AYAD Akhtar knows the truth is never simple. “The more I know, the more I see, the more lives I come in contact with, the more I understand that there is no single way of looking at anything,” he says. And there is perhaps no truth more fractured and contradictory than the truth about what it means to be an American, which is precisely what makes Akhtar’s new novel, Homeland Elegies, forthcoming in September from Little, Brown, such a haunting accomplishment.
Although the book is billed as a novel, it blurs the line between fact and fiction, told in first-person by a narrator, also named Ayad Akhtar, who, like the author, is raised in an upper-middle-class Midwestern town by Pakistani immigrant parents. The narrator grows up believing, thanks in part to his father, who for a time in the 1990s was Donald Trump’s doctor, that the United States is a place of prosperity and equity, where anyone can succeed if they work hard enough. But as the narrator’s career as a playwright and author begins to take off, 9/11, the war in Iraq, and eventually the election of Trump compound to reveal a darker series of truths about his homeland. As Akhtar and his family become the target of violence, microaggressions, and police brutality, he comes to see that equity for some is white supremacy for others, that prosperity for a small group of people means poverty and death for the majority of the population. Most powerfully, he comes to realize how easy it is to ignore these truths until you become a target of them yourself.
Akhtar has purposely remained mum about just how and where the details of his life overlap with those of his f ictional characters. For the reader this creates a potent tension that mirrors the uncertainty many of us are reckoning with on a daily basis, especially in this era of “fake news.” But one of the greatest triumphs of Homeland Elegies is how this uncertainty, rather than shutting you down, makes you want to know more, not just about the history of this country or the history of one’s ancestors, but about how your daily actions and decisions can serve humanity instead of feeding a destructive lie.
Akhtar is no stranger to writing about controversial truths; he has been tremendously successful doing exactly that. The author of four critically acclaimed plays, he is perhaps best known for his 2012 Pulitzer Prize– winning play, Disgraced, in which a successful Pakistani American lawyer who has distanced himself from his Muslim roots throws a dinner party with his wife, a white artist “inspired” by Islamic imagery, that escalates into an explosive argument about racism, religion, and assimilation. Akhtar’s first novel, American Dervish (Little, Brown, 2012), took a critical look at the cultural polarities that Muslim women in the United States are forced to choose between. It was published in more than twenty languages and declared a Best Book of the Year by O, the Oprah Magazine.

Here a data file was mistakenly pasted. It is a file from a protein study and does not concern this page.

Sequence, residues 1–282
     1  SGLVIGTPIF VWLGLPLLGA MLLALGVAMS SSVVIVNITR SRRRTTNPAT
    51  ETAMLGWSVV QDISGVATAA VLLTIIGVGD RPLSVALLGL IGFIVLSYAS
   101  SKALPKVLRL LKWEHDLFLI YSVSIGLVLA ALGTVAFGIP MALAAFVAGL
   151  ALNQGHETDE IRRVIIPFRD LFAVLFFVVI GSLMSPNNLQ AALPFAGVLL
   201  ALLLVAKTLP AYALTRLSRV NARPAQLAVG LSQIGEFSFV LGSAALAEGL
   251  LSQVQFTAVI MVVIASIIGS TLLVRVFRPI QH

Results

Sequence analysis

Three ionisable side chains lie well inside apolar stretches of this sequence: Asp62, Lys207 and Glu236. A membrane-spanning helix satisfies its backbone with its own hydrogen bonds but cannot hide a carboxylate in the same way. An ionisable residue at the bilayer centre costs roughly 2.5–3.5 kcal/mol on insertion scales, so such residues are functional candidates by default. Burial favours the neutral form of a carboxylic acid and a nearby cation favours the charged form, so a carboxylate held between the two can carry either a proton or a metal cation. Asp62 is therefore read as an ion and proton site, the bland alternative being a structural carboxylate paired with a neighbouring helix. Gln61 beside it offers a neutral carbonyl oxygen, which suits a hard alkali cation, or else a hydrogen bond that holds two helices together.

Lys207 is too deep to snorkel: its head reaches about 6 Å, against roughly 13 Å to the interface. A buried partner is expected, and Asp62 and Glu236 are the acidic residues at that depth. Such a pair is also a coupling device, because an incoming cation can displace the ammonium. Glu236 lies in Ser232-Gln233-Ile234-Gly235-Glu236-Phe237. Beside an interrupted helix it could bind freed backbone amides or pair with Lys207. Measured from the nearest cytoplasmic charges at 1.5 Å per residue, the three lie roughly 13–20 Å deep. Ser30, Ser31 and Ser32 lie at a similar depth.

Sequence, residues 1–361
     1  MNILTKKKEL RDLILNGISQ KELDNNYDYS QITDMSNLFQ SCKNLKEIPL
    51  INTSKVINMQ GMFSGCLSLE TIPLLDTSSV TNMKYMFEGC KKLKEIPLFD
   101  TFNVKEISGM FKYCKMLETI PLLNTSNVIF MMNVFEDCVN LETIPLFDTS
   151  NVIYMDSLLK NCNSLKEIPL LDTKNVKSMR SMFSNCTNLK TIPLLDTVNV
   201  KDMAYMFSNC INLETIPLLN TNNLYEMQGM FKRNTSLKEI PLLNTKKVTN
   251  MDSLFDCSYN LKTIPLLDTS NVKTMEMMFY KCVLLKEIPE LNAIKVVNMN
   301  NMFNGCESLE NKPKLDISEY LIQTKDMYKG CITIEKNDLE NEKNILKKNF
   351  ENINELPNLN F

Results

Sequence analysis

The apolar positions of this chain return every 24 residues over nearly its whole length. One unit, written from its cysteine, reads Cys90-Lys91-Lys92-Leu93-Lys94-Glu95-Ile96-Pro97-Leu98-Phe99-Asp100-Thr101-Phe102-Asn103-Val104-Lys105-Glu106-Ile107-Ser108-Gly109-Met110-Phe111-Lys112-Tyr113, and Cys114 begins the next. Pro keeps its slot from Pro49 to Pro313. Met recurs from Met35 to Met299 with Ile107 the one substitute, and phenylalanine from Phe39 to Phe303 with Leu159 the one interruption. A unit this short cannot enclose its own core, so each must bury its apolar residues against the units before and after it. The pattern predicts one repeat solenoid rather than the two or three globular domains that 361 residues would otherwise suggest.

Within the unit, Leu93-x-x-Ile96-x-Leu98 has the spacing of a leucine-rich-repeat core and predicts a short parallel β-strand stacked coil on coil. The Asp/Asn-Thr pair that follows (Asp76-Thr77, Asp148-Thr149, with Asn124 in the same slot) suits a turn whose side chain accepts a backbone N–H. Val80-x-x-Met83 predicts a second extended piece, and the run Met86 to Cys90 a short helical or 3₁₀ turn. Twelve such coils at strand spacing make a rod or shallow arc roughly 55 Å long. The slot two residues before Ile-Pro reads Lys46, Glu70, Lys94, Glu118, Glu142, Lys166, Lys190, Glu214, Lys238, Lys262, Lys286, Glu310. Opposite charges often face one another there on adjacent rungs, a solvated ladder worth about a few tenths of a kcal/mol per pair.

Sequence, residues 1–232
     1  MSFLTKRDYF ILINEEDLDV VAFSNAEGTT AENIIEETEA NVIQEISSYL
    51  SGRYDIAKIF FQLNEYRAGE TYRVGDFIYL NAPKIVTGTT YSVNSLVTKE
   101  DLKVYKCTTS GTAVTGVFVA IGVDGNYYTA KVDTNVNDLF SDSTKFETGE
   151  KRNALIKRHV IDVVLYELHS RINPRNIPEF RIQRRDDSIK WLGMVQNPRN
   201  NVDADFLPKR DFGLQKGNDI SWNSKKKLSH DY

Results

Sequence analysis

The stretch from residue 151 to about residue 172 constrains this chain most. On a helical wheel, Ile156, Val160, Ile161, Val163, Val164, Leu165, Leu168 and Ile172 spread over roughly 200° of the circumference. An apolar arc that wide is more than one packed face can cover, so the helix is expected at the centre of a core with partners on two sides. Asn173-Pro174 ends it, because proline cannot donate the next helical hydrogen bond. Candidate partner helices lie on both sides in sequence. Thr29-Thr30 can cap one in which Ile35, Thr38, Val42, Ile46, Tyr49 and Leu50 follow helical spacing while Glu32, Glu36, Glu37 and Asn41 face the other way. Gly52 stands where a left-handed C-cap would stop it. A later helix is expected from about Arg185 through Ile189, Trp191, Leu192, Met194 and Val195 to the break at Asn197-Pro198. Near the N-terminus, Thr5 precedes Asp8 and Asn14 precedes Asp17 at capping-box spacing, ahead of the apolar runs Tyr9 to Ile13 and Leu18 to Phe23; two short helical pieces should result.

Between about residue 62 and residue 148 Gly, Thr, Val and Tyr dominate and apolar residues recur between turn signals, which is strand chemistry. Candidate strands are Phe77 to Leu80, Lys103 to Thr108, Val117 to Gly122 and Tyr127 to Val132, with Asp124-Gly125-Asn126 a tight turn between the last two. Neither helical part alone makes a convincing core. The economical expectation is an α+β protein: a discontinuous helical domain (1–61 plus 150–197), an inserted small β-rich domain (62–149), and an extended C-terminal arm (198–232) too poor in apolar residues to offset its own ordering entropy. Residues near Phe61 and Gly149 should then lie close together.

I spoke with A k htar, a couple months into the coronavirus pandemic, about the politics of writing, breathing life back into fiction, and the key to writing a successful play.
AMY GALL’s writing has appeared in Tin House, Vice, Glamour, and the anthology Mapping Queer Space(s) of Praxis and Pedagogy. Recycle, her book of collage and text coauthored with Sarah Gerard, was published by Pacific in 2018. She is currently working on a collection of linked essays about queer bodies and pleasure.
Amy Gall: This book was difficult to read. I can imagine how difficult it was to write.
Ayad Akhtar: It was hard, and it was also the easiest thing I’ve ever written. I wrote the entire book in eleven months, and it just poured out of me in a way I’d never experienced before. But, I will say, I dealt with a lot of weird physical stuff when I was writing it: weird conditions and nausea and just physical pain. It was that thing that Cynthia Ozick said: “Writing is the most toxic thing that I know.”
Gall: Did you feel a release both physically and emotionally after you stopped writing?
Akhtar: It’s so complicated. It was a very strange rhythm because I would write for two weeks, and then I would get exhausted and stop for two weeks. And my fiancé said to me, “You should really not try to rush this because (a) it doesn’t do you well when you overwork in this particular way, and (b) you’re going to really miss this feeling that you’re having of the flow.” Because I’d never really experienced the kind of flow I had when I was writing this book. And she was totally right. I did miss it. When it was over I felt relieved, but it was a very strange thing. The day I finished the part of the book where the narrator and his father are on a street corner-hugging goodbye was also the day my dad hit his head, ended up in the ICU, and died.
Gall: Oh my God.
Akhtar: Yeah, it was hard. So at the end of the day, I went through a number of experiences in writing the book: I had a wonderful creative experience, I was able to coalesce a lifetime of creative themes, I was able to mourn my mother’s passing, and I was able to prepare for my father’s. So I think it was transformational in so many ways, and hard in so many ways, and a gift in so many ways.
Gall: What do you think about the delineation between memoir and novel? Do you think there’s actual meaning to those categories for writers, or is it more about what audiences will allow in fiction that they don’t allow in memoir?
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September - October 2020